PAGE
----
The color of the stone is one of the characteristics of the “4Cs”, making it possible to determine the price of a diamond, based on its classification. This differs between white or colorless diamonds and colored diamonds. Indeed, where white diamonds are estimated according to a scale of hues ranging from bright white to pale yellow, colored diamonds, which are much rarer than colorless (5% of diamonds) are classified according to their intensity.
What are the gradations of white or colorless diamonds?
The international reference for gradations of white ranging from colorless to a tiny tint of color is that of
Gemmological Institute of America (GIA).
The appreciation of the color qualified by a letter from D to Z is decisive in the value of the diamond because the more the diamond is white, the more it has value. The GIA classifies diamond colors according to the letters: D for pure white to Z for a very pronounced yellow.
How to determine the color of a diamond?
To appreciate the color of a diamond, you have to place it in a fold of white bristol and observe it from the side and in profile so as not to be disturbed by the fire of the facets. This observation with the naked eye is also done under a very white light.
This observation is accompanied by a comparison since to determine the hue of a diamond, the appraiser uses standard stones called “master stones” with which he compares the diamond studied to determine its color.
These standard samples must also respect certain carats because the larger the diamond, the more intense its color. This is why for stones up to 1.50 ct, the sample must weigh at least 0.25 ct, while for larger diamonds, it must weigh between 0.50 and 0.75 ct minimum.
What is the tint treatment?
It is possible to artificially change the color of a diamond so that brownish to yellowish diamonds get a more "white" hue.
This method, called "HPHT" or High Pressure, High Temperature, consists of correcting an error in the crystallographic structure of the diamond (which is the source of the more intense color) and involves subjecting the stone to conditions close to those of its formation to perfect its structure. The gems are thus heated to more than 1500°C and under a pressure of more than 50,000 ATM.
This treatment is permanent and can only be detected in state-of-the-art laboratories using infrared and ultraviolet spectrum analysis.
It is mandatory to notify this processing, either orally or in writing. As a result, this process falls into the category of “Color enhanced” gemological certificates. The diamond thereby loses value, as it is artificially processed.
What are colored diamonds?
The natural color
Colored diamonds, also called frank tint, are rarer than white diamonds and result from the presence of gas at the time of crystallization of the gem. The color varies according to the type of gas to which the carbon atoms have been exposed: for example, the presence of nitrogen will give a yellow diamond while the presence of boron will bring out the blue color.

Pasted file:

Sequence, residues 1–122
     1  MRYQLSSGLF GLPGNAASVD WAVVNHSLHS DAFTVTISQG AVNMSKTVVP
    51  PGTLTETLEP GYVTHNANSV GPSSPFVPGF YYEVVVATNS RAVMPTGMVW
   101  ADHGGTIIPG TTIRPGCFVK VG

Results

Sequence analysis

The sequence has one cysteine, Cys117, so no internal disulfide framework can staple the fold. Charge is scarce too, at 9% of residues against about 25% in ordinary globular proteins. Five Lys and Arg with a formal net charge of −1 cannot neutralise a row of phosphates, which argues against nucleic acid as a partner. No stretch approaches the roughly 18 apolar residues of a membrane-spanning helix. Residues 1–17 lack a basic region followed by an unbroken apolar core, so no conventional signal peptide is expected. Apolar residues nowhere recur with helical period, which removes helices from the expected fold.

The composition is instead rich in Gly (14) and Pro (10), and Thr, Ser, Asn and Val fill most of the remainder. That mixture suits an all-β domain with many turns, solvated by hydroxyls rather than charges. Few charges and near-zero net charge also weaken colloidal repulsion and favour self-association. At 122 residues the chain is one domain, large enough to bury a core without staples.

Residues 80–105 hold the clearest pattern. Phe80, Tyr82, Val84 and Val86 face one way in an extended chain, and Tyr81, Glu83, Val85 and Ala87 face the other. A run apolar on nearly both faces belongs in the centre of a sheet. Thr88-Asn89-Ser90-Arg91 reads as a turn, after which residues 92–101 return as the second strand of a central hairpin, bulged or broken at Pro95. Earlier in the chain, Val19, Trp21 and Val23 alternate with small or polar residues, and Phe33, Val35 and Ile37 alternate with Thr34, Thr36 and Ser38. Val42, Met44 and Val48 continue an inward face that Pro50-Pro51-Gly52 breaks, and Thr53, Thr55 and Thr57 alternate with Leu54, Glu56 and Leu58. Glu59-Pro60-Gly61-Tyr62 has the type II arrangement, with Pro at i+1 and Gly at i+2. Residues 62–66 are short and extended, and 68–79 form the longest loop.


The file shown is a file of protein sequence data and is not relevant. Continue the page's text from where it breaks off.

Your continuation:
Colored diamonds have their own classification according to their chromatic intensity. Therefore, the “Fancy Color” of a diamond, namely its hue, is estimated according to its intensity: the more intense the color, the higher the value of the diamond. The designation "Fancy" begins after the "Z", a hint of color being accepted for the diamond scale White: Fancy light (very low intensity)
• Fancy (low intensity)
• Fancy intense (slightly intense)
• Fancy Vivid (intense)
• Fancy Deep (very intense)
• Fancy Dark (very very intense)
In addition, the most popular colors on the market are: hydrangea pink, lemon or canary yellow, blue, water green, purple, red and orange. Conversely, grey, brown and black are less appreciated and their value remains very accessible.
The color treatment
It is possible to artificially change the color of a diamond by irradiation and heating. However, this transformation of the diamond remains imprecise: the color depends on the original shade of the crystal and there is never any certainty as to the result. In addition, the color treatment results in stones that will be less qualitative than a natural colored gem. This treatment is permanent.
As with the modification of the hue of a white diamond, it is impossible to determine whether a treatment has taken place without the intervention of a laboratory. It is mandatory to notify this processing, both orally and in writing. As a result, this process falls into the category of “Color enhanced” gemological certificates for diamonds. The latter then loses between 60 to 80% of its value.
What is the phenomenon of fluorescence?
Fluorescence is a luminous effect exhibited by certain diamonds when they are exposed to ultraviolet light: they then emit visible light, generally blue (i.e. in 95% of cases) but also purple, orange or red for rare gems.
This fluorescence must be quantified using fluorescence standards and indicated in the certificates according to the following gradation:
• None or Nil: none
• Very slight: very light
• Slight or Faint: Slight
• Medium: Medium
• Strong: strong
• Very strong: very strong
For Medium to Very Strong fluorescences, the diamond may (not always) have a slightly "milky white" hue. Indeed, if the fluorescence is not directly linked to the color of a diamond, it can however influence its price and its transparency, even if this last influence remains disputed by the experts.